German Beer 101: A primer on pilsners, pale lagers and purity

The craft brewing revolution has effectively made the United States a melting pot for beer. From German lagers and Russian imperial stouts to Belgian saisons, American craft brewers are seemingly happy to borrow from any beer style in the world and adopt them as their own.

The sheer diversity has blurred the lines between global beer cultures. Still, authentic German beers tend to rise above other nationalities among discerning drinking circles. While many American breweries make beer in German styles, they’re not all doing so with strict adherence to German brewing standards and traditions.

Drink like a German

Let’s examine the pale lagers that dominate commercial brewing output in the United States. German-inspired lager in America, e.g., Bud Light, Coors Light and Yuengling, often clocks in between 3.5% and 4.5% alcohol by volume (ABV), whereas their authentic German counterparts fall more into the 4.5% to 5.5% range. It’s not uncommon to hear German beer fans dismiss America’s top-selling beers as bland or watered down.

The purity decree

One of the most interesting aspects of German beer lore is the concept of the Reinheitsgebot. Translated to the “purity law” or the “purity decree,” the Reinheitsgebot is a series of regulations that have existed in Germany for centuries to limit the ingredients that can legally be used in the beer production.

First instituted in the early 1500s, the original Reinheitsgebot only enabled brewers to use three components when making beer — water, barley and hops. The decree at the time didn’t mention yeast, the fourth major building block of beer, because it wasn’t scientifically understood at the time, and wouldn’t be until the 1860s. More contemporary versions of the Reinheitsgebot did include yeast.

Modern takes on the Reinheitsgebot also change another one of the original decree’s key tenets, allowing the use of any type of malted grain for beer production. While German beer purists often praise the simplicity — and difficulty — that the Reinheitsgebot forced brewers to master, the decree was a way to prevent price competition between brewers and bread bakers for wheat and rye. It also protected beer drinkers by minimizing the risk of brewers using toxic or otherwise unsafe ingredients.

Because the Reinheitsgebot essentially cordoned off wheat and rye for bakers, there are types of beer native to Germany that are actually in violation of the country’s own purity decree such as weizenbier and hefeweizen, both wheat beers.

The Reinheitsgebot was officially repealed in 1987, which means German brewers can now technically brew with total freedom. Even before the repeal, though, German beer has always been more dynamic than people realize.

A sampling of German beer styles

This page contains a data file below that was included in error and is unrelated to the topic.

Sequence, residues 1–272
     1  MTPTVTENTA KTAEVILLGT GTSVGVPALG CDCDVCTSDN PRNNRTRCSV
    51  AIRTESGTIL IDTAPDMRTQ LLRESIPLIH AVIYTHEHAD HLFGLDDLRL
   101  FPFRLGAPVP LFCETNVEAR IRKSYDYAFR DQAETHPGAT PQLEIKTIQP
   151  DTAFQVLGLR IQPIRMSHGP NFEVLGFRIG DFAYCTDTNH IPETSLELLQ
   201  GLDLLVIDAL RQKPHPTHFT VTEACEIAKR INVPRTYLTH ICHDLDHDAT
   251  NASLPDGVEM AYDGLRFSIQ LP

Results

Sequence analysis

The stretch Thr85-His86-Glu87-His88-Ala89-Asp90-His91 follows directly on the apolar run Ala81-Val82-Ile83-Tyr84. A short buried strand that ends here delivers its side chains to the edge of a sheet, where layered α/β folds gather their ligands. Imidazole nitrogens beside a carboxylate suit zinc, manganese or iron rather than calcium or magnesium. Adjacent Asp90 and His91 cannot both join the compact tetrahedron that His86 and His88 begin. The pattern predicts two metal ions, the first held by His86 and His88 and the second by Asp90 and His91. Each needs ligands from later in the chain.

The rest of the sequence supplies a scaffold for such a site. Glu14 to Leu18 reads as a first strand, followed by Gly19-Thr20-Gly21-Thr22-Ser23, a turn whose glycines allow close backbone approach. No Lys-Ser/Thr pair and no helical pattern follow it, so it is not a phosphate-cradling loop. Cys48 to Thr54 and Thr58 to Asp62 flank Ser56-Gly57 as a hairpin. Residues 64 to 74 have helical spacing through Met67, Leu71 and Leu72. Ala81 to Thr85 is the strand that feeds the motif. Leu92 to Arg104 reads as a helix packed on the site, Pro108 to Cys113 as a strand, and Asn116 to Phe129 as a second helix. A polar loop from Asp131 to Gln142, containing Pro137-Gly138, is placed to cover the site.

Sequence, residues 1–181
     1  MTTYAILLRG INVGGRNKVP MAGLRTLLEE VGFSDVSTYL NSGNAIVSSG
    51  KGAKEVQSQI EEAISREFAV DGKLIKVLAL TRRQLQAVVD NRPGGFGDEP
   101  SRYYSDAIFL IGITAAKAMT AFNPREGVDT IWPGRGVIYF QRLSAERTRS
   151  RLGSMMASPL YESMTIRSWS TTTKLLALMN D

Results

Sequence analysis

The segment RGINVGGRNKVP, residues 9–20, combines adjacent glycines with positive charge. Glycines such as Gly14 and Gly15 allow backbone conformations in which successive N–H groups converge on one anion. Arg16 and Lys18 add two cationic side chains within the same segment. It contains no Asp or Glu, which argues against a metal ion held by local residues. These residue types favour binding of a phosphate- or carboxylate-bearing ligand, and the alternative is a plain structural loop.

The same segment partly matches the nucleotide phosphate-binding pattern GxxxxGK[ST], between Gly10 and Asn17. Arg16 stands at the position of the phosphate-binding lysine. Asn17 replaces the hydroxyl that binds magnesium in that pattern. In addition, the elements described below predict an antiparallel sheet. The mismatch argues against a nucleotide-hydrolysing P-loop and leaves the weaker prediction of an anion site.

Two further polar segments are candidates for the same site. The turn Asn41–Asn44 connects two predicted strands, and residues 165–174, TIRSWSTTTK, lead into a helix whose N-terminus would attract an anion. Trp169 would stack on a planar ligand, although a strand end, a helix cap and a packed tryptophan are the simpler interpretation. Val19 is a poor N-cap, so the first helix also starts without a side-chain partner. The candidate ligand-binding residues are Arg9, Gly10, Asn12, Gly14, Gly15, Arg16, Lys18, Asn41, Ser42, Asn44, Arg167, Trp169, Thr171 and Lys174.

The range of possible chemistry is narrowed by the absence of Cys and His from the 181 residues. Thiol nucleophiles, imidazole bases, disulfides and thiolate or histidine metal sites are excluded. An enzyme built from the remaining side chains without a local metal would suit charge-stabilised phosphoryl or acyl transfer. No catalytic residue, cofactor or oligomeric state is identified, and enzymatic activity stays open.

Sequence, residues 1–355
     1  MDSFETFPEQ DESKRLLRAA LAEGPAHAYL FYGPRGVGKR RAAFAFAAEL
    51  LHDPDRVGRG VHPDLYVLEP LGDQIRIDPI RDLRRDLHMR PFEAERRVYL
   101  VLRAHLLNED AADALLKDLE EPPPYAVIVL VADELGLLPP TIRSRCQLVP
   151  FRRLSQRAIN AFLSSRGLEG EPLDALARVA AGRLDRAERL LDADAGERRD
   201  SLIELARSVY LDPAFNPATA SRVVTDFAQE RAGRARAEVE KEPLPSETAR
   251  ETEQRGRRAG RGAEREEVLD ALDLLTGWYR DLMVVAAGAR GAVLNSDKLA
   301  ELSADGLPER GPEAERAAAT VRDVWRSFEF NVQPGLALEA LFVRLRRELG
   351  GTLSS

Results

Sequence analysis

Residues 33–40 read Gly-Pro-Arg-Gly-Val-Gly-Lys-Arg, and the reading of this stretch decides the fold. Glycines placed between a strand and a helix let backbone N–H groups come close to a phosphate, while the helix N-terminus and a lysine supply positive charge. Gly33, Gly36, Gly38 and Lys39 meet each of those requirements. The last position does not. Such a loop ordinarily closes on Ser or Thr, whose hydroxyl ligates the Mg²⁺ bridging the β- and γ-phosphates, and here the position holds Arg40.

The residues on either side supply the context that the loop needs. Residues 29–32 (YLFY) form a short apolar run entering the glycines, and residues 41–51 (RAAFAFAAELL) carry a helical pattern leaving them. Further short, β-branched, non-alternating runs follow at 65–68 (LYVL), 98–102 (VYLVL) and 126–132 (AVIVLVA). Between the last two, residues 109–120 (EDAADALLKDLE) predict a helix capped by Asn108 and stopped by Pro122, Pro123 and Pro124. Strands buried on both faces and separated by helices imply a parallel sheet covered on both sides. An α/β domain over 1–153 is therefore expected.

The lager family alone boasts a slew of different styles, many of which carry distinctive flavors, geographic roots and histories.

Pale lagers include the pilsner, a hugely popular style borrowed by many recognizable American light beers like Coors Light and PBR. Kölsch is a light-bodied beer that can only legally be brewed in the Cologne region of Germany. And Märzen, a malty, medium-bodied beer known more commonly as “Oktoberfest” style, derives from Munich’s annual Oktoberfest celebration. 

Dark lagers include Altbier, typically a bitter style, exclusively brewed in Dusseldorf; bock, a sweeter beer variety with caramel and coffee notes, popular in southern Germany and traditionally consumed during Lent; and schwarzbier, a dark lager more in the vein of stouts like Guinness with a full-bodied character and sweet, malty flavor.

Gose is a forerunner of modern sours. Originating in German, gose beers are “soured” in the fermentation process rather than through the use of any specific ingredient.

Lambics appeal to German beer drinkers who want more flavor diversity in their beers by adding mixers, for instance, a mix of beer and sparkling lemonade not unlike a British shandy.

Embracing the limits

While the Reinheitsgebot is no longer enforceable, many Germans still hold it to be the golden rule. Purists still swear that any product incorporating ingredients beyond malted grain, hops, water and yeast isn’t true beer. And, while some German breweries have jumped into the craft beer game embracing India pale ales and rich chocolate stouts, they generally market those products not as beer but “mixed beer drinks.”

Brewers who continue to make beer in classic German styles view the purity law as more of a challenge than a restriction. That’s certainly the case for Ashleigh Carter, co-founder and head brewer of Denver-based Bierstadt Lagerhaus. The brewery produces German lager exclusively using authentic imported ingredients, purposely built as a legacy German brewhouse specifically suited to make this style of beer.

Lagers are considered by many brewers to be one of the trickiest styles of beer to make. They take more time, they ferment at lower temperatures and they require a perfectly balanced recipe. The simplicity of the flavor profile makes it more difficult to hide any flaws behind other flavors or ingredients.

For Carter, who majored in math in college and has always had a perfectionist streak, striving to perfect the lager has been an endeavor worthy of the effort. 

“I have that desire, to make something perfect and repeatable over and over and over again, and to try to hone those processes as specifically as possible,” she says.